Latest from Twitter

@JoyRhoades1

- 10 hours ago

@danidonovan: i mean, who would’ve guessed a kid who learned to manage the emotions of those around them as a survival skill might, y’know… grow into a hyper-vigilant, people-pleasing adult with poor boundaries whose self-worth is based on their ability to make other people happy
h J R
@JoyRhoades1

- 10 hours ago

@EmergencyBK: Easy way to remember the correct amount of garlic for any recipe is, all that you have.
h J R
@JoyRhoades1

- 10 hours ago

@BeckettUnite: Private water utilities dumped raw sewage into our rivers & seas 403,171 times in 2020. Not a single river in England passes the legal water quality standards. And they are losing 24% of water through leaks. Yet these wasteful polluters made £2.8bl in profit (from us) last year.
h J R
@JoyRhoades1

- 10 hours ago

@NoahGarfinkel: “Uh oh, what’s gonna happen with thiiiiiiis?” (Picking up random objects at Chekhov’s house.)
h J R
@JoyRhoades1

- 19 hours ago

@kingstonwrites: so when they said we will have a “Festival of Brexit”, what they meant was a “Recession”
h J R

About

I grew up in a small town in the bush in Queensland, Australia. I spent my time with my head in a book, or outdoors – climbing trees, playing in dry creek beds, or fishing for yabbies in the railway dam under the big sky. Some of my favourite memories were visiting my grandmother’s sheep farm in rural New South Wales where my father had grown up. She was a fifth generation grazier, a lover of history, and a great and gentle teller of stories. My childhood gave me two passions: a love of the Australian landscape and a fascination with words and stories.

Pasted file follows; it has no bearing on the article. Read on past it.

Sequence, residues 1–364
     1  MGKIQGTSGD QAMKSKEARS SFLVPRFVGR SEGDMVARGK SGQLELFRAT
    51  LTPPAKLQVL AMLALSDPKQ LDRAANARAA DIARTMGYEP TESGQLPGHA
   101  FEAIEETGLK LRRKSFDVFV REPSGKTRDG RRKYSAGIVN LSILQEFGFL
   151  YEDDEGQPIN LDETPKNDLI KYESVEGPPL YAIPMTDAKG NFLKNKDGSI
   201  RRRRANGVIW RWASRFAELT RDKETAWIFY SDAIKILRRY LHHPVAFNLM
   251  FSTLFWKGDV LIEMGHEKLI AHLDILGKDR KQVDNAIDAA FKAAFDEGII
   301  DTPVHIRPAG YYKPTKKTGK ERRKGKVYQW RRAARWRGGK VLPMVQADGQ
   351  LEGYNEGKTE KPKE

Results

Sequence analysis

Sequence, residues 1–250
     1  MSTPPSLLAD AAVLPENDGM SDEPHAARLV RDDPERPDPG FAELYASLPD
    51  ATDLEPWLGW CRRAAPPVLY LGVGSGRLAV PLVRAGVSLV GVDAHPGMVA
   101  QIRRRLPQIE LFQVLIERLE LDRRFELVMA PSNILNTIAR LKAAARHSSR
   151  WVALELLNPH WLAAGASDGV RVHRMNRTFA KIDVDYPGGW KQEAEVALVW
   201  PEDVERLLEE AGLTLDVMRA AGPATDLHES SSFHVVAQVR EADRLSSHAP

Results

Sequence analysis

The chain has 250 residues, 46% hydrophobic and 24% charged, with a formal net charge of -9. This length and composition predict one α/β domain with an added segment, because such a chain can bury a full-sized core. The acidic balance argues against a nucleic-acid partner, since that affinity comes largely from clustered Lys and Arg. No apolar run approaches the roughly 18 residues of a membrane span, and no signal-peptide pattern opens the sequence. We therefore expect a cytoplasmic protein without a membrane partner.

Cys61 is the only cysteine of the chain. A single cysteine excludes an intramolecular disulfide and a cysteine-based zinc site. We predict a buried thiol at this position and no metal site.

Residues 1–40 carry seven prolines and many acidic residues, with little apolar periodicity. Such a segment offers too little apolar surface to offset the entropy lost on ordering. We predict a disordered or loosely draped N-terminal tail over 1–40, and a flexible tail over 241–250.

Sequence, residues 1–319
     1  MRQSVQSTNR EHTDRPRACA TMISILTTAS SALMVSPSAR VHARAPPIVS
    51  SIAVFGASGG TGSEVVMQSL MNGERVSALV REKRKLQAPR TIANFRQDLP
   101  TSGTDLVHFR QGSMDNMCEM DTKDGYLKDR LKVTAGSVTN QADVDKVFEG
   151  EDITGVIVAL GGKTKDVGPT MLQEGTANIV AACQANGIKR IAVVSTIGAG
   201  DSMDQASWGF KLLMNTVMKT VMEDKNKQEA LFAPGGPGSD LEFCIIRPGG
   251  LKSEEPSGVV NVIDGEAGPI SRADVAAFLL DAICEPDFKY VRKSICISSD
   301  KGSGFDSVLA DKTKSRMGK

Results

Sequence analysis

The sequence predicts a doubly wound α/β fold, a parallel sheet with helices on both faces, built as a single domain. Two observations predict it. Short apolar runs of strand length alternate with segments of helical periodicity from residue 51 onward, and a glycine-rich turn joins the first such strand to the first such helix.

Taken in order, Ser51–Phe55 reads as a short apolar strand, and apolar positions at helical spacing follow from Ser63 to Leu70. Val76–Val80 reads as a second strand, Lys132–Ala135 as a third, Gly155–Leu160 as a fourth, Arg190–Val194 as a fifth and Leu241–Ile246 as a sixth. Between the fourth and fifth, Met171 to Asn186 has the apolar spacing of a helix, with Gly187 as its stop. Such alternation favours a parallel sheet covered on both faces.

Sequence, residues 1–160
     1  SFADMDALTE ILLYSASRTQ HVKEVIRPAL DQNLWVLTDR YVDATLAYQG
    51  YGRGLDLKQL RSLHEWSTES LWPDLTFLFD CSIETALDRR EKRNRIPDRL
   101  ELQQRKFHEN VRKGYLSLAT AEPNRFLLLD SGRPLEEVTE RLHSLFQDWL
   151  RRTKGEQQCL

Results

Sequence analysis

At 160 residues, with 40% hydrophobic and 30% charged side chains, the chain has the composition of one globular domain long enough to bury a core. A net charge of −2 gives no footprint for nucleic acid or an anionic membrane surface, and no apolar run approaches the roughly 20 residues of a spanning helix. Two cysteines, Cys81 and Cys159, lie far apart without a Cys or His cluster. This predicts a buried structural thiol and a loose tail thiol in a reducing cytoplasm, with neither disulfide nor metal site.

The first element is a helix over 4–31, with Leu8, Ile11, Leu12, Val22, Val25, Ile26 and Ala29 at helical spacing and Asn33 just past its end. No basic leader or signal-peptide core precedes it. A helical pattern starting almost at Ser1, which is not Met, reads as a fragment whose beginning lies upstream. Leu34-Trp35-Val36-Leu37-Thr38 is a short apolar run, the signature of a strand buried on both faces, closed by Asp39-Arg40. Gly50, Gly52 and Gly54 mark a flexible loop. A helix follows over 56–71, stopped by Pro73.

I left the bush at 13 when I went to boarding school in Brisbane.  I stayed on there to study law and literature at the University of Queensland. After, my work as a lawyer took me first to Sydney and then all over the world, to London, Hong Kong, Singapore, Tokyo and New York. But I always carried in my head a strong sense of my childhood: the people, the history, the light and the landscape. Those images have never left me and they would eventually become The Woolgrower’s Companion. It’s a story I’ve felt I had to tell. The success of my first novel meant I could go on to write the standalone sequel The Burnt Country, which has also been popular with my wonderful readers. I’m working on a third novel now.

I currently live in London with my husband and our two young children. But I miss the Australian sky.

This story

The idea for The Woolgrower’s Companion came to me out of the times and experiences of my grandmother on my father’s side. She spent much of her life on her family’s sheep property in rural New South Wales, including throughout the Second World War, when Italian prisoners of war were assigned there.

Her recollections of life on the land, the impact of the War and drought on the district, the circumstances of the Aboriginal people, and the strict social codes in place during her girlhood, evoked a sometimes wonderful, sometimes terrible place, which I wanted to capture on the page. Apart from obvious historical events, though, The Woolgrower’s Companion is fiction.

The Burnt Country  is a standalone sequel to The Woolgrower’s Companion.

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